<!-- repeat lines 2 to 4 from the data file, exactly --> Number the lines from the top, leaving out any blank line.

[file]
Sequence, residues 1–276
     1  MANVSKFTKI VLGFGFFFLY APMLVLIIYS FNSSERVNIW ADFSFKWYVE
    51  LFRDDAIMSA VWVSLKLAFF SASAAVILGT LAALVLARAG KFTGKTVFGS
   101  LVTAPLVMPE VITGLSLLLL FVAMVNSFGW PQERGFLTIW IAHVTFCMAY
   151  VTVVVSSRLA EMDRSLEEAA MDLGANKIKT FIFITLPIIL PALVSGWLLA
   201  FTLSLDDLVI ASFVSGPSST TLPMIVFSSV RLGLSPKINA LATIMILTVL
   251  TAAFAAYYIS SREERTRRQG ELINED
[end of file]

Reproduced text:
     1  MANVSKFTKI VLGFGFFFLY APMLVLIIYS FNSSERVNIW ADFSFKWYVE
    51  LFRDDAIMSA VWVSLKLAFF SASAAVILGT LAALVLARAG KFTGKTVFGS
   101  LVTAPLVMPE VITGLSLLLL FVAMVNSFGW PQERGFLTIW IAHVTFCMAY